Each boy’s vision lies at the heart of the program, but it is pushed through to development by bringing to bear motivation, self-organization, judgment, common sense, spatial imagination, and often a sense of humor.  As work proceeds, boys develop independence of thought and action, good spatial awareness, math skills (especially use of fractions), and pride in careful work.  They solve problems not found elsewhere in their daily routine, for carpentry is truly a process of the hand speaking to the brain.

Carpentry offers something different from but deeply complementary to traditional academics:  a creative, challenging, expressive experience in which a boy can learn from his mistakes, learn to persevere, and learn in the process of creation.  He exercises parts of his brain and parts of his body rarely stimulated in pencil-and-paper projects. The realization of an idea, from plan to concrete object, is a powerful process.


While many boys perceive crafts as purely for fun, there is a serious purpose.  Whether making potholders or Halloween witches, Junior School boys are developing and strengthening their dexterity and their ability to listen to instructions and follow them in the proper order.

There are other obvious benefits.  Projects often provide a unifying or cross-pollinating link within the curriculum, serving as an inspiration for creative writing topics in class.  They also promote a sense of community service, as the boys periodically donate their creations to worthy causes.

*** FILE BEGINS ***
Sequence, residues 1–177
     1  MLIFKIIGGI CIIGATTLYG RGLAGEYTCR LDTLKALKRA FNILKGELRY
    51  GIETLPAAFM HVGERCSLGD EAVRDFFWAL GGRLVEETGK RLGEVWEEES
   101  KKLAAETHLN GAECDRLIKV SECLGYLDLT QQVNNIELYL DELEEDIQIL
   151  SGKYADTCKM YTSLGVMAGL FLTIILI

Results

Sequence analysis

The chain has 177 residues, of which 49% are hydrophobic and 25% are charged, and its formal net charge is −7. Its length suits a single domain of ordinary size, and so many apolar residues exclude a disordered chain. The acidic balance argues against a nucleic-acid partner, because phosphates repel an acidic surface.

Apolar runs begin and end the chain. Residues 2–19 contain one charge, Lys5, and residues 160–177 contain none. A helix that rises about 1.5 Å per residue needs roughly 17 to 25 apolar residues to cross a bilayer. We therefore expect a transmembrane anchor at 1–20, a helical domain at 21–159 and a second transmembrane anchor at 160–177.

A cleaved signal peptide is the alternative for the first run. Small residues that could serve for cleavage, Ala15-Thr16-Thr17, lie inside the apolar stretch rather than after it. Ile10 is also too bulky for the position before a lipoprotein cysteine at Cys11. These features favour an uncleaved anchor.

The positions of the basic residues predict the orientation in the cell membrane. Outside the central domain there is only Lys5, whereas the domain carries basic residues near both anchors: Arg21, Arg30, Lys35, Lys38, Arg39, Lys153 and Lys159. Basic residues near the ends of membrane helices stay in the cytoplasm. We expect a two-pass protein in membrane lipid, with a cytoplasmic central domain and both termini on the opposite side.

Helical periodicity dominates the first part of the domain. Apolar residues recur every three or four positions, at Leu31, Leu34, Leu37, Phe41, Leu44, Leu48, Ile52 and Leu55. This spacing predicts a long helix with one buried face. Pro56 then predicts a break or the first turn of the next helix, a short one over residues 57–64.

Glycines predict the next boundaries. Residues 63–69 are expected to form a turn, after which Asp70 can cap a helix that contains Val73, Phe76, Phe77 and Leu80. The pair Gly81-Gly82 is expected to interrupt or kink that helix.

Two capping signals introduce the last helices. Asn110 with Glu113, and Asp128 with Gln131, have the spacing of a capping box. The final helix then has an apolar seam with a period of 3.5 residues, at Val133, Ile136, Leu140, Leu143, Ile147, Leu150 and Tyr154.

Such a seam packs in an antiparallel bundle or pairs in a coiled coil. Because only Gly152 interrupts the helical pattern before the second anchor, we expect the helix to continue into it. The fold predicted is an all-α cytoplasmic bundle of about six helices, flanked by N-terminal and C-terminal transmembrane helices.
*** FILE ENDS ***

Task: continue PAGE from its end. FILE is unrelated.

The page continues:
Less apparent are the subtle emotional factors involved.  Crafts encourage boys to take risks, to overcome the fear of making mistakes, to learn how to correct them, and to develop patience with themselves and others.  There is an intrinsic reward, as well as instant gratification, for a project completed in one class can be taken home for display.  With lavish praise, crafts provide an easy way to build a boy’s self-esteem.


Class plays are big part of school life at St. Bernard’s.  Beginning in first grade, each class performs a class play before parents and before the entire school at a Friday morning assembly.  Each boy has a speaking or singing role, which he rehearses thoroughly with his teacher and class over several weeks.  The eighth grade has performed a play by William Shakespeare since 1910.  The Shakespeare play is one of the most cherished of St. Bernard’s traditions.  It is a group effort, with each boy contributing to its success.

The boys begin studying the play that they will perform in the seventh grade and then spend the eighth grade rehearsing it.  For many years, the play was performed shortly before Christmas, but in the 2020-21 school year, the performance was moved to March, just before spring break.  That year's play, Macbeth, was produced as a movie, filmed in Central Park and The Church of the Heavenly Rest. The Shakespeare play returned to the stage the following year, and is now performed at the The Heckscher Children’s Theater at El Museo del Barrio.  The celebration of the Shakespeare production is a crucial part of the school’s cultural and poetic tradition.